Before the coronavirus pandemic, both health providers and patients were reluctant to embrace telehealth, despite the convenience. But attitudes are changing as people see the benefits of going remote. What can brands do to provide the quality of care people expect, but from a distance?
Dr. Joseph Kvedar is a professor of dermatology at Harvard Medical School and the president of the American Telemedicine Association. He is also the editor in chief of npj Digital Medicine, a Nature research journal, and author of The Internet of Healthy Things and The New Mobile Age: How Technology Will Extend the Healthspan and Optimize the Lifespan.
Dr. David Ficker is a neurologist with the Epilepsy Center at the University of Cincinnati Gardner Neuroscience Institute, an associate professor of neurology at the University of Cincinnati, and chair of the Epilepsy Foundation’s Professional Advisory Board.
Dr. Chiari Longoni is a behavioural scientist and assistant professor of marketing at Boston University’s Questrom School of Business. Her research explores the social impact of artificial intelligence and technology, sustainability, and consumer and societal welfare. She also specialises in issues related to medical decision-making, sustainability in consumer and firm behaviour, and messaging to promote consumer and societal wellbeing.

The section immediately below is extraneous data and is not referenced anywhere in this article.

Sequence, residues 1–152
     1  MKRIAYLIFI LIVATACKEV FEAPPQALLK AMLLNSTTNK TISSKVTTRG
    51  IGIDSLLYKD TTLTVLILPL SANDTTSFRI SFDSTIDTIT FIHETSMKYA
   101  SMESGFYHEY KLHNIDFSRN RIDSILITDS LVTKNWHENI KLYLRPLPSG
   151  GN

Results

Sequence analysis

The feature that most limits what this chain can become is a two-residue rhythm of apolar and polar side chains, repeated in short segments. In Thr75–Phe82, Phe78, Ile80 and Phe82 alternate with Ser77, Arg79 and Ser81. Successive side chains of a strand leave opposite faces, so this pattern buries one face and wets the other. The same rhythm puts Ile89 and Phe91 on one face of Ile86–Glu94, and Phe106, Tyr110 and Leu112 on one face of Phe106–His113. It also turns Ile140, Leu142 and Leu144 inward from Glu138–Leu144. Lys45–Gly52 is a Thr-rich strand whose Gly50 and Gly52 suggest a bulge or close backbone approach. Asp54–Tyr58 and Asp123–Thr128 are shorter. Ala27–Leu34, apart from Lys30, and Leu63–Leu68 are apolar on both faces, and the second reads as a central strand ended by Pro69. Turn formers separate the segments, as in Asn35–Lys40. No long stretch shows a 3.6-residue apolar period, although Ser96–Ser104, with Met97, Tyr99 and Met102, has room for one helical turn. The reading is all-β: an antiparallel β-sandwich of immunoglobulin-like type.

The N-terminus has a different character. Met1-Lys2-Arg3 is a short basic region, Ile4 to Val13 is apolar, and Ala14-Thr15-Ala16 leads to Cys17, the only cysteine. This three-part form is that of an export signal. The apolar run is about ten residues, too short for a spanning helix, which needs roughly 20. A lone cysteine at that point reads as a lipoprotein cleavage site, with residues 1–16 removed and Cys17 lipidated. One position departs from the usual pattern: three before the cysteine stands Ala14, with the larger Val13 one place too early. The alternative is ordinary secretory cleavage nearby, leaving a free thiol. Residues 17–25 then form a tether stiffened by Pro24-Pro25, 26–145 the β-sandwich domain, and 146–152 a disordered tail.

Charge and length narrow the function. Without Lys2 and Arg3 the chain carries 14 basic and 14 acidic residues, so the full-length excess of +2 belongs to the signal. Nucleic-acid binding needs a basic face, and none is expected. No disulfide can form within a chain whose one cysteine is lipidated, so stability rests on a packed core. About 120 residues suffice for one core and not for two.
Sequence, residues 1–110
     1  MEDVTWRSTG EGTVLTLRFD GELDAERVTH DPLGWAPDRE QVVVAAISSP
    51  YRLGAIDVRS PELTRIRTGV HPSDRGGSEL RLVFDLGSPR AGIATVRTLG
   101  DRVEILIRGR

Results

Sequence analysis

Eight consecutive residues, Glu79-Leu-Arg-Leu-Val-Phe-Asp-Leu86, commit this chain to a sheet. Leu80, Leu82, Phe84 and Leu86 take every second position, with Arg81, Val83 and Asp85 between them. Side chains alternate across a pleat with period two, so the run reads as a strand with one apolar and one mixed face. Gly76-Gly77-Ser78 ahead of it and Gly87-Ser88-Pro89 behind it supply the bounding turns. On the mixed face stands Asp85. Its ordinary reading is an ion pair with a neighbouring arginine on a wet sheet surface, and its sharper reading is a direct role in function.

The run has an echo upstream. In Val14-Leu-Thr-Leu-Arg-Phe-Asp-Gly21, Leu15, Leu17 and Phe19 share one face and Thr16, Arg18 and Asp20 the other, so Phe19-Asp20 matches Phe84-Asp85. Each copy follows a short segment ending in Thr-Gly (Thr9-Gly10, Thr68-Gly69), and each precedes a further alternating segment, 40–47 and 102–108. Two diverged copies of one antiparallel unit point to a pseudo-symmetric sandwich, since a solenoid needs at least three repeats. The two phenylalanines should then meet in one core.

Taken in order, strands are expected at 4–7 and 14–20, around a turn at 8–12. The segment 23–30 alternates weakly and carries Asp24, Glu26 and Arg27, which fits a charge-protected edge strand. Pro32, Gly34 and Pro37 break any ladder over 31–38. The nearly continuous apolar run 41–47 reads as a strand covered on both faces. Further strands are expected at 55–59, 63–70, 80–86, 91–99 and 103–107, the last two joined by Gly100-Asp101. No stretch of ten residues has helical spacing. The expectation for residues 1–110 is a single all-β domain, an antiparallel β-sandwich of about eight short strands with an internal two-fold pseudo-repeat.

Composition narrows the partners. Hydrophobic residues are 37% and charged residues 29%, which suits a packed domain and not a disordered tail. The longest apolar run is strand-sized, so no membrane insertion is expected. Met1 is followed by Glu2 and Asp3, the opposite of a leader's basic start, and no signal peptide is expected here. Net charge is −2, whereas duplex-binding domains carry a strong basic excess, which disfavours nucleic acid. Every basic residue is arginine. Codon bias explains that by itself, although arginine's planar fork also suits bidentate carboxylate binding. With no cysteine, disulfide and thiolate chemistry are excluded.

Heather Tirado Gilligan is a journalist based in Oakland. She covers health and health policy and her writing has appeared in publications including Slate, The Nation, and The Huffington Post. Follow her on Twitter @heathergilligan.
Tracking apps, wearables, and telemedicine services hold the potential to transform healthcare for women. But just how much autonomy do these digital tools provide over one’s wellbeing? And as traditional healthcare models diversify, how can they best harness tech to serve female patients?
Managing chronic health conditions can be hard. Omada combines behavioral science and data monitoring to help individuals make changes – and helping healthcare providers and employers save money. It goes the extra mile by linking users with IRL health coaches and support networks.
Using a VR headset, Reducept is a virtual reality pain-management program that supports and empowers people who experience chronic pain, all from the comfort of their own home. As people look for new ways to manage their health and wellbeing, new technologies are emerging to support them.
The Instagram account @SickSadGirlz was launched with one aim: to give a voice to sick or sad women around the world, often telling the stories of those with invisible illnesses. It's an example of how social media has transformed the way individuals can connect and seek support.